John stayed with James and his wife for two weeks and then returned to Burlingame. No mention of Emily was made on this particular trip, but we can assume that the safety of a family member’s home, far from her home community, was the perfect place for Kate to deliver her child. In addition, within a couple weeks of the conclusion of John’s trip, James was facing charges from the Methodist Episcopal conference for “lying,” “slander,” and “defamation of character” against one of his Winchester congregation members – quite out of the norm for this jovial preacher. What would have spurred him to such fury against one of his congregation? One can certainly read between the lines and deduce that it is highly possible that the congregation member made a sharp judgmental comment regarding Kate, prompting James’ outburst to defend his family’s honor.

Rev. James D. Bratton. Wendi Bevitt collection.

James was expelled from the ministry and membership of the church (although he would be eventually restored to both). Kate’s son, Roy, was born on Christmas Day in 1884. Kate and Roy were living with her parents by spring of 1885 and Roy had taken the Bratton surname. One can imagine the whispers and judgment that followed Kate in a small town. Hushed whispers also passed speculations for Roy’s father through the ages, but as a point of shame, it was something never fully talked about.

Kate’s reputation was surely ruined. Without the support of her family, she would have faced even more hardships. Social views on illegitimacy, and in general on sex out of wedlock, would not change until about 1920.

Some form of social redemption manifested for Kate when she married Jacob Irick, in March 1886. Jacob had recently moved to the area, and had some freedom from the small town rumor mill. While the marriage offered some security for Kate for a time, it didn’t last, Jacob deserted her just two short years later.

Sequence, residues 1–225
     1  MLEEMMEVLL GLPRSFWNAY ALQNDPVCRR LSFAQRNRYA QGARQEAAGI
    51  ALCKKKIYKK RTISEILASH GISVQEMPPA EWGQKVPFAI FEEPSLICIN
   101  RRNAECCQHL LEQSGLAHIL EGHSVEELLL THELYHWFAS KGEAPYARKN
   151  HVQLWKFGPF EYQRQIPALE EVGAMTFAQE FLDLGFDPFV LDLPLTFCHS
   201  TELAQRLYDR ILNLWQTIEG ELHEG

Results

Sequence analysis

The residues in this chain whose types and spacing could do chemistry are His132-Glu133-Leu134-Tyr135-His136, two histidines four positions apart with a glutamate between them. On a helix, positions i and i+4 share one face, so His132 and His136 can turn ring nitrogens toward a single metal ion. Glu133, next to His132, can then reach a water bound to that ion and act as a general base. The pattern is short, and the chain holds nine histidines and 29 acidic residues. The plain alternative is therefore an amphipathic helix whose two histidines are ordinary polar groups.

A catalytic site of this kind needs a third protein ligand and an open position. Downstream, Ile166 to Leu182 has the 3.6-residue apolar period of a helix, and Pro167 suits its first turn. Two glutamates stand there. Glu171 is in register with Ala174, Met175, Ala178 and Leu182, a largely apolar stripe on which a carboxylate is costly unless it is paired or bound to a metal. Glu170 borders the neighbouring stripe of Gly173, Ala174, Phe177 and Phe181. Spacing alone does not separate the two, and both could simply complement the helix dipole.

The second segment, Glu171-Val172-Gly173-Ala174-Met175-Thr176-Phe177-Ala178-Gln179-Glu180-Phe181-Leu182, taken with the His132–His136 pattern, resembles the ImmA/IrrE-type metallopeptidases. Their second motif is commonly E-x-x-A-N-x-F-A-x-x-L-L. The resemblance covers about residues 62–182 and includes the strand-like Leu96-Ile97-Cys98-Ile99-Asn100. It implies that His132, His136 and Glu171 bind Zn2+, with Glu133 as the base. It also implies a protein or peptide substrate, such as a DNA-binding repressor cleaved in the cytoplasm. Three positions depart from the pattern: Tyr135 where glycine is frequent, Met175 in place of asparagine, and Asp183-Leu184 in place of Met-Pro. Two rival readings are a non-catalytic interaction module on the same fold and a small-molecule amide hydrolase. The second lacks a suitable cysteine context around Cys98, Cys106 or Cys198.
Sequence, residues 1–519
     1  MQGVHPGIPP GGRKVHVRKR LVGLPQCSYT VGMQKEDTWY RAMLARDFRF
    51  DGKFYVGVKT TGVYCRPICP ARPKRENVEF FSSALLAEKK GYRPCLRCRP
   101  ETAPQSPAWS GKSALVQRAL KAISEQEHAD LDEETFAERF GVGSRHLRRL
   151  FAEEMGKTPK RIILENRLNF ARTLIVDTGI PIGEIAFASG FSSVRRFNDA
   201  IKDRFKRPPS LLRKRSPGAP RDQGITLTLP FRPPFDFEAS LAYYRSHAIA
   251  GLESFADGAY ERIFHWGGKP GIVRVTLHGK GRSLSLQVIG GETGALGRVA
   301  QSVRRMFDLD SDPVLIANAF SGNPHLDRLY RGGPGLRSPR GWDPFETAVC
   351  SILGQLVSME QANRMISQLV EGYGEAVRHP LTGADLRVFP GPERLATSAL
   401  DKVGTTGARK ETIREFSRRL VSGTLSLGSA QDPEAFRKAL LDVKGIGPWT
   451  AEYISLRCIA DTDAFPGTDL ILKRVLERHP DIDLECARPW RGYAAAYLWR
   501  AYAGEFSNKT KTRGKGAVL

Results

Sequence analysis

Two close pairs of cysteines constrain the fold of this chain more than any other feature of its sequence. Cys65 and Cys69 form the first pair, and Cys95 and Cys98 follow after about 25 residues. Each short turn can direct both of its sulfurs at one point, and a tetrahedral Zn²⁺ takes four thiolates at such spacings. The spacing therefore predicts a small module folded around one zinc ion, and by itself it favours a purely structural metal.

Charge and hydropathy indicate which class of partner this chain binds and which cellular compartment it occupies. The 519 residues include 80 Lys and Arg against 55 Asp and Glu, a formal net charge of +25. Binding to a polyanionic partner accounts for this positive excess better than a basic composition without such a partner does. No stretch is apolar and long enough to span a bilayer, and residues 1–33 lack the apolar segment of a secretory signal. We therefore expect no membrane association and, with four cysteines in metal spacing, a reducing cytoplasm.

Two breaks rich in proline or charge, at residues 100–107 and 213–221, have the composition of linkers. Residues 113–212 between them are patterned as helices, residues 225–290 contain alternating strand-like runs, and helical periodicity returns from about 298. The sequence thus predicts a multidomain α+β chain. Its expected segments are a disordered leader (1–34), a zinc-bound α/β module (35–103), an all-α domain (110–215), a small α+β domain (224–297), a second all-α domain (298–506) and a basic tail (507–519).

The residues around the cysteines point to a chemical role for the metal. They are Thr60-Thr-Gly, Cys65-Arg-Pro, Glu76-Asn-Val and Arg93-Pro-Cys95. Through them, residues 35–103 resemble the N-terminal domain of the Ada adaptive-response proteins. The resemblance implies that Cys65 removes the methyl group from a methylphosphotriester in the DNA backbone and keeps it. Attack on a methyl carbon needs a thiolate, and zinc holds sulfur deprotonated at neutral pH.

Kate was again on her own but this time with Roy, plus Clyde, a son that she had with Jacob. Divorce was tricky at this time in history, it required proof from both parties, and was looked down upon by society. Men especially took advantage of desertion as a means of ending a troubled marriage, and it was effective, regardless of its legality. The ease in deserting a spouse was spurred by inefficient communication and inconsistent record keeping, and it saved expense, time, and scrutiny. But for the spouse left behind, who wanted to remain in the home community, the burden fell solely on them to file for an official divorce and go through all that was avoided by the deserting spouse.

With the divorce finalized, Kate would have found herself again as a social outcast. This time though, her father had passed away. Without a strong male figure to lead the household in a time where women were vying for more rights, surely that put additional pressure on her to forge her own way. How could she stay near the support of her family but cover up both the shame of both a divorce and an illegitimate son? One of the ways was to marry again. And that’s when she met Peter Peterson. Peter was an outsider in his own right, a recent immigrant from Denmark.

Kate and Peter were married in 1889. They had two more children together. Peter adopted Kate’s other two boys, and they took the Peterson name. Peter became a prosperous farmer, and life became some semblance of normal. But in 1916, just when Kate and her family were preparing to move to Colorado where they had purchased a large farm, the past, seemingly buried after 30 plus years, came back to haunt her.

In its “Thirty Years Ago” column, the local paper republished the marriage license for Kate and Jacob Irick. A purposeful jab or not, in a small town, the tongues certainly started to wag once again. But this time, Kate had a fresh place to start, far away from judging words and side looks on the street.

Kate moved back to Burlingame after Peter’s death in 1940. She and Peter are buried in Burlingame Cemetery, near her parents.

wendibevitt2016bWendi Bevitt is owner of Buried Past Consulting LLC. She lived in Osage County for 20 years and her research interests include Osage County Civil War veterans and Osage County history.